Global stock markets issue skeptical verdict on Xi’s third term

Investors around the world have issued a skeptical judgment about Xi Jinping’s third term in office, selling shares in Chinese companies after the country’s leader concluded a Communist Party congress that signaled a shift in focus from economics to security.

The sell-off began Monday morning in Asia, with Hong Kong’s Hang Seng Tech shedding 9.7 percent, a one-day move that matched its biggest drop ever. It continued into the US trading day, during which many of the most famous Chinese technology groups listed on Wall Street fell sharply.

Nasdaq’s Golden Dragon, which tracks US-listed stocks of Chinese companies, fell 14.4 percent as Alibaba, JD.com and Pinduoduo faced heavy selling. The index’s record one-day decline has sent it down nearly 50 percent this year.

Analysts said the sell-off was exacerbated by Beijing’s release of economic data, delay During the congress of the Party, it showed the growth of China’s economy 3.9 percent year-over-year In the third quarter, it fell short of the government’s annual target of 5.5 percent.

But they also noted that Xi’s reform of the party leadership during the week-long 20th Party Congress, which ended at the weekend, gave power to loyalists more interested in the geopolitical rivalry between China and the United States than economic reform.

“The danger is more about groupthink, ideation, and the line about the dire need for conflict with the United States,” said Gerard Debebeau, a former chief China economic analyst at the CIA. “It makes sense from a market perspective, that whatever hope you have of a liberal turn in China, it’s likely to be lower now than it was on Friday.”

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In the months leading up to the party congress, Xi showed a growing disregard for economic reform, imposing strict Covid-19 lockdowns despite its impact on the Chinese economy. He also launched a regulatory crackdown on some of the country’s fastest growing technology groups.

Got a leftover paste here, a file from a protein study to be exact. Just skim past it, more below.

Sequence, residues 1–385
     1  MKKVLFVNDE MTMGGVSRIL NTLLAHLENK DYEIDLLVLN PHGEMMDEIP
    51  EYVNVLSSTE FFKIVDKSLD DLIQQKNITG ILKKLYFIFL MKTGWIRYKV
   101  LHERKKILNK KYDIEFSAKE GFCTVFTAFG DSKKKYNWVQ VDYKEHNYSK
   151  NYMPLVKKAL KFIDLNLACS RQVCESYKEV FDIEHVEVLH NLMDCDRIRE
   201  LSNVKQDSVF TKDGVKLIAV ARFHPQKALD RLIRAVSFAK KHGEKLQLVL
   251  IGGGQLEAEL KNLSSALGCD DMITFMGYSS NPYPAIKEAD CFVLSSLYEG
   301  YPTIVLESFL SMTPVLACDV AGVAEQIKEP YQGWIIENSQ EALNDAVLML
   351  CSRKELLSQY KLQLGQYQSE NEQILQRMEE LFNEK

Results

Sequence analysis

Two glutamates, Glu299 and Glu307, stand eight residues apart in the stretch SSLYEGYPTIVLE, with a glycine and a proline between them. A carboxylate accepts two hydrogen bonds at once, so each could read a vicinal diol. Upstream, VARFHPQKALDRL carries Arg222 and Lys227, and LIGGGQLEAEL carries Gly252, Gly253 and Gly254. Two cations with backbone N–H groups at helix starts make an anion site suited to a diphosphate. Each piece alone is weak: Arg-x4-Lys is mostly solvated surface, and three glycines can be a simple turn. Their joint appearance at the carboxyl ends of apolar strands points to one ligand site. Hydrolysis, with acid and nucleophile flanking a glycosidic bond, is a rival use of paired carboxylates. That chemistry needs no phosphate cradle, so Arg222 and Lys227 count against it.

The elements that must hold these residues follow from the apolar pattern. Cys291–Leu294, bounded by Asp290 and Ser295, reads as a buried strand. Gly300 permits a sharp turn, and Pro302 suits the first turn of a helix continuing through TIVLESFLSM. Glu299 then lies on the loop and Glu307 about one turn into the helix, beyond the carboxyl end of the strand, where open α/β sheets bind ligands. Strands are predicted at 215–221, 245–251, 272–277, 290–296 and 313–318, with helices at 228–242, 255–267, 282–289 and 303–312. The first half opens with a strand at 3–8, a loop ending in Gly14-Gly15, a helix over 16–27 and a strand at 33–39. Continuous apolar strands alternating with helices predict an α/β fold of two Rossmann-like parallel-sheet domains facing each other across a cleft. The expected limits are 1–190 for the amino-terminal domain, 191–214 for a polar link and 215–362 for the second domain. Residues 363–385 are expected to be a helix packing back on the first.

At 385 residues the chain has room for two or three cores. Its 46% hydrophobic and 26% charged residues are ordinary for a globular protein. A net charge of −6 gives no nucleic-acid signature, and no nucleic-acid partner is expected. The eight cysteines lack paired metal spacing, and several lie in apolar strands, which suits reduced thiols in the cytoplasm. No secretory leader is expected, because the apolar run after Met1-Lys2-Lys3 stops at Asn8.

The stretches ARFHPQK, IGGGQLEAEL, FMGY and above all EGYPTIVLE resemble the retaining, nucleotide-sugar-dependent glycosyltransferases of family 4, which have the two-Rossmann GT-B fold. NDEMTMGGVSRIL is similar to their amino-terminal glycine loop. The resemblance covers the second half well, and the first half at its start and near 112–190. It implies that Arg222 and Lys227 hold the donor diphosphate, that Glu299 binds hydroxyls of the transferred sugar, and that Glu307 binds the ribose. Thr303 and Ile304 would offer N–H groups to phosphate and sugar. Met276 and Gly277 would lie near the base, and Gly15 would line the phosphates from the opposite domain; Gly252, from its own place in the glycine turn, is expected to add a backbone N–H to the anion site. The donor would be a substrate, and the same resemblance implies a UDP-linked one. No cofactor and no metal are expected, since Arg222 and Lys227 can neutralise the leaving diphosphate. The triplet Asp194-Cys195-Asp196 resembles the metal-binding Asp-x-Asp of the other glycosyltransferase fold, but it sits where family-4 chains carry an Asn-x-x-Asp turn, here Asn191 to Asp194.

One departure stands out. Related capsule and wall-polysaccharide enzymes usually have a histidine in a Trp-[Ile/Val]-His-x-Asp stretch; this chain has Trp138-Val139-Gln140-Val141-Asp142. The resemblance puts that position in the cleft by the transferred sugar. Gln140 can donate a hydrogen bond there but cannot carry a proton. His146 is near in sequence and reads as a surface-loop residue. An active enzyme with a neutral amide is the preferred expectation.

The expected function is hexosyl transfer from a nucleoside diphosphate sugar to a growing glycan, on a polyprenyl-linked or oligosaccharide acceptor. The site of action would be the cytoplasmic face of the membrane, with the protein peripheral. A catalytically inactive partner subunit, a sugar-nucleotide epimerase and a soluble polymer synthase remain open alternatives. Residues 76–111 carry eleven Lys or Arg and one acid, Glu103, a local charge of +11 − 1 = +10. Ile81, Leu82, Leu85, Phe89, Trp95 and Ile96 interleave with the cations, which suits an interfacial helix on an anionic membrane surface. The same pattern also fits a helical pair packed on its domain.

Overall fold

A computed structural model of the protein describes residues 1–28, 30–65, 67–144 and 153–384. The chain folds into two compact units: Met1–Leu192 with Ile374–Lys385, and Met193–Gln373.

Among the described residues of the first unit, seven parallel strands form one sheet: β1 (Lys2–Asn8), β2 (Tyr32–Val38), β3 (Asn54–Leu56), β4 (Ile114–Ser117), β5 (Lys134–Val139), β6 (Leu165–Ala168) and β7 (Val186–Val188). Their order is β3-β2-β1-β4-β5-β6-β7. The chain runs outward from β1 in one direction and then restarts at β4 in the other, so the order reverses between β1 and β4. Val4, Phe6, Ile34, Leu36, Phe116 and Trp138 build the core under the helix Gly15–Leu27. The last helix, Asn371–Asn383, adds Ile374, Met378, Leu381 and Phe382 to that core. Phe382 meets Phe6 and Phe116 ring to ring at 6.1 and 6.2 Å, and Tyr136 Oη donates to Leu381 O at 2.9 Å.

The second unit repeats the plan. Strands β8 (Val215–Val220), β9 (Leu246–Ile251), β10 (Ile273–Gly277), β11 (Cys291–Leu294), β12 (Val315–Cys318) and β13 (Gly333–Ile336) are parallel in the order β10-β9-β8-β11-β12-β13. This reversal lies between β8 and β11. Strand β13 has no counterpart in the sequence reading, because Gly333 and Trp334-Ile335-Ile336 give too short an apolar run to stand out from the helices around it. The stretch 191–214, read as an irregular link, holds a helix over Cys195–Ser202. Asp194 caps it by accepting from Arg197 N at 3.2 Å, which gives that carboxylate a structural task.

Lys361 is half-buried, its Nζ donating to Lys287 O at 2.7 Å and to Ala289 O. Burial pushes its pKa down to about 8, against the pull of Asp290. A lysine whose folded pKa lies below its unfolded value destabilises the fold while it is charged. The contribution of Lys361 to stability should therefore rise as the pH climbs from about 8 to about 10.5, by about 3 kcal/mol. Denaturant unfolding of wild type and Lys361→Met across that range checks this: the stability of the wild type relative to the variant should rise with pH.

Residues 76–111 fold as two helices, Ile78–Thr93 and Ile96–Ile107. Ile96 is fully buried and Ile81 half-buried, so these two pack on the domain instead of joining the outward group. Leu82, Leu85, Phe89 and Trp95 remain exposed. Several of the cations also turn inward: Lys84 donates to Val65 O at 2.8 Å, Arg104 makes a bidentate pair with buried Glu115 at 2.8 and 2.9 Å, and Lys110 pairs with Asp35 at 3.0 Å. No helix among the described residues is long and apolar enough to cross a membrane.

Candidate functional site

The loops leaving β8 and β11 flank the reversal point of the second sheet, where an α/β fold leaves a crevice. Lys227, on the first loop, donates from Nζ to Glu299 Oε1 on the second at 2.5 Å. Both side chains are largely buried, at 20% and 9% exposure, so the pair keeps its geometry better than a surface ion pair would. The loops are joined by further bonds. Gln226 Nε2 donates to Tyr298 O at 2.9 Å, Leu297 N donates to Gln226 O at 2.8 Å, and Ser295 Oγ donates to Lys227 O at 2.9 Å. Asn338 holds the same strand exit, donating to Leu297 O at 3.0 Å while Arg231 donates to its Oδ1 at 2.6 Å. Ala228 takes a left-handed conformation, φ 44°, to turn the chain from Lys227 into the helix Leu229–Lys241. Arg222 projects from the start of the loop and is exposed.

“President Xi clearly wanted a team to carry out his vision,” said one US industry executive.

Frank Benzemra, head of Asian equity strategy at Société Générale, said investors are concerned about the shift in the party’s top leadership body announced Sunday, which has been stacked with cadres more focused on national security than economic reform.

“While Chinese policy has long been opaque, this sharp consolidation of power is adding to investor anxiety,” said Mark Heffel, chief investment officer for global wealth management at UBS. “Stock valuations, which are already near 10-year lows, are likely to face further pressure if international investors demand a higher risk premium.”

Among the biggest names to suffer from the sell-off, Alibaba, which closed down 12.5 percent in Wall Street trading, sending its shares below the $68 offering price they went public in New York eight years ago, in what was At the time the largest list in the world.

The company has increased its revenue by more than 14 times and doubled its adjusted earnings in the years since it first appeared on the market. But stocks have been falling since 2020 after Beijing canceled the IPO of Ant Group’s digital payments company, which was set to raise a record $37 billion.

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Alibaba’s 80 percent decline in that period reflects a loss of about $670 billion in stock market value. The technology company reported in August The first decline in quarterly revenue Since its inclusion in New York.

Monday’s jolt highlighted the growing challenges facing China’s largest tech groups since Xi .’s launch organizational repression in the sector.

Line chart of the Nasdaq Golden Dragon shows a decline in US stocks listed on Chinese companies

One Alibaba employee said the government’s crackdown on technology and a falling share price worried “leadership and energy”.

“For the past year or two, people have stopped working hard,” the person said, noting that they personally worked about 20 hours less per week.

Alibaba filings also show that the company has shed more than 13,000 positions since the beginning of the year.

Additional reporting by Nian Liu in Beijing, Patrick Mathurin in London and Eric Platt in New York

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